I agree that cheap is more how you treat others. I believe you can be frugal but not cheap. I do not have a problem tipping 25, 30, even 50% at few times when eating out. DW and I are generous in gifting for weddings and graduations. But I do not need the most expensive clothes - the stuff I buy at discount stores, Goodwill, or the occasional garage sale is fine with me.
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Old 04-04-2017, 12:57 PM   #75
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Warren has many or most breakfasts at McDonalds, spending just under $3.00

He still lives in the same house he bought in 1958 -> that's almost 60 yrs..

He might be one of the most frugal folks around.
Not a bad house for 11 million. Original cost reportedly 150K. Good return on investment. Though fifty years ago 150K was big bucks. My first house in 72 was 28K. In NY state 20 miles from Manhattan.
[IMG]https://hips.hearstapps.com/hmg-prod.s3.amazonaws.com/images/warren-buffett-1488322861.jpg?crop=1.00xw:1.00xh;0,0&resize=480:*[/IMG]

Warren Buffett Is Selling His Laguna Beach House - Real Estate Investing

Edit add: tried to copy the house pic, did not work. See it in the article. Suspect he has a couple more squirreled away for rainy days.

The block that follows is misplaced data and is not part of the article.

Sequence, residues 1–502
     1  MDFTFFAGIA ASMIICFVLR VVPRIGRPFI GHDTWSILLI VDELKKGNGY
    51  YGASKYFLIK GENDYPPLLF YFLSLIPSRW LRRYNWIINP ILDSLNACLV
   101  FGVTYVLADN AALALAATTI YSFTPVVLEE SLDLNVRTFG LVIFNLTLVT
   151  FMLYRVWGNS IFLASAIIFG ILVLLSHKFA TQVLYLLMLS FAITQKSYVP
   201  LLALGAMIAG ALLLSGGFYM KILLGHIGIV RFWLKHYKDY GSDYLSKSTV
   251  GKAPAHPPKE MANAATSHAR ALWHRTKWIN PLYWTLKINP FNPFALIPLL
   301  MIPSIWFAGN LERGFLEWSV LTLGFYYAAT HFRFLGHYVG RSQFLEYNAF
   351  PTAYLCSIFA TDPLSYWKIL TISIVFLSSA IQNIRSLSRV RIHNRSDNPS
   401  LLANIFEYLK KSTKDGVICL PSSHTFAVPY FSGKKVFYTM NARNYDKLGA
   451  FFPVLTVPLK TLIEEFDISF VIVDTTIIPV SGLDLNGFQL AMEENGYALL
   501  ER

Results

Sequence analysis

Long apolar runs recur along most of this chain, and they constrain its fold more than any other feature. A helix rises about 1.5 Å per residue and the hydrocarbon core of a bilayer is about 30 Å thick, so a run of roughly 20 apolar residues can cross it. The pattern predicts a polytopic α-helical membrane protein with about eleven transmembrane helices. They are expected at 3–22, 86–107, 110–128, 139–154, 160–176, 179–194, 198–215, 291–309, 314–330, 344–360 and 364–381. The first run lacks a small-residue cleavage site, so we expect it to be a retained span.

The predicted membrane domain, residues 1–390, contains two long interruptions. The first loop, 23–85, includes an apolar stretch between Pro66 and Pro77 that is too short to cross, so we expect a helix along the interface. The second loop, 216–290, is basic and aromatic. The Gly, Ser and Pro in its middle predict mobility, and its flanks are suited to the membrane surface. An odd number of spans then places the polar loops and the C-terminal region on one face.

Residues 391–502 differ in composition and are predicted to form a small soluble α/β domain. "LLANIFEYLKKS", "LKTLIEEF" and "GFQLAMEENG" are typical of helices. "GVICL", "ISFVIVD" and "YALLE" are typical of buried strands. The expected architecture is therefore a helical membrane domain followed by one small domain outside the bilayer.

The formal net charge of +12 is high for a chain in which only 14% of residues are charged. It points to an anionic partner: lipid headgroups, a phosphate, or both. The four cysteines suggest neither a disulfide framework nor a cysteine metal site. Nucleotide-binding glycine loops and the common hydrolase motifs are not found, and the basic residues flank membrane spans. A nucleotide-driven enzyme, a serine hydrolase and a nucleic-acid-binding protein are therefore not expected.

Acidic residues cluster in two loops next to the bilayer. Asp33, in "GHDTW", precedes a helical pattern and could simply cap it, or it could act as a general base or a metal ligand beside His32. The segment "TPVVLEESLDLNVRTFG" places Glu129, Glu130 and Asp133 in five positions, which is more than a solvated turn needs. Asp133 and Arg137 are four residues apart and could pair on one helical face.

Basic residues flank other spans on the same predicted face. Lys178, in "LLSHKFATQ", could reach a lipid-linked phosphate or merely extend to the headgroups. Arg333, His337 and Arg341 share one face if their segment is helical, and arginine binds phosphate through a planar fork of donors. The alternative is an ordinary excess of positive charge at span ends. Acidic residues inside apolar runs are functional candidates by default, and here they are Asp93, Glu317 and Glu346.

I suppose his mickey dee's breakfeasts are actually true, sometimes. Now about his dinners

Edit 2:
Seems old Warren had at least another one in Laguna Beach
"Buffett talks about not timing the market based on macroeconomics, but he did time the housing market perfectly. He bought a Laguna Beach, CA house in 1996 for $1.05 million (at the market bottom), and sold in 2005 for $3.5 million. It's not like he needed the money."
Why Did Warren Buffet Sell His Second Home In California? | MadConomist.com

Guess, Like George Washington, he did sleep in many places. Glad he can do it<

Edit 3

Warren does sample the other side of the tracks as well, mobile homes. No he does not live in them.
" homebuilder (Golden West), the dealer (Oakwood Homes) and the lender (21st Mortgage) were all part of a single company: Clayton Homes, the nation’s biggest homebuilder, which is controlled by its second-richest man — Warren Buffett."

A less than flattering NY Times article: http://www.seattletimes.com/business...s-on-the-poor/
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Old 04-04-2017, 02:11 PM   #76
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Those are his vacation homes. I think he still lives in his original home in the Midwest.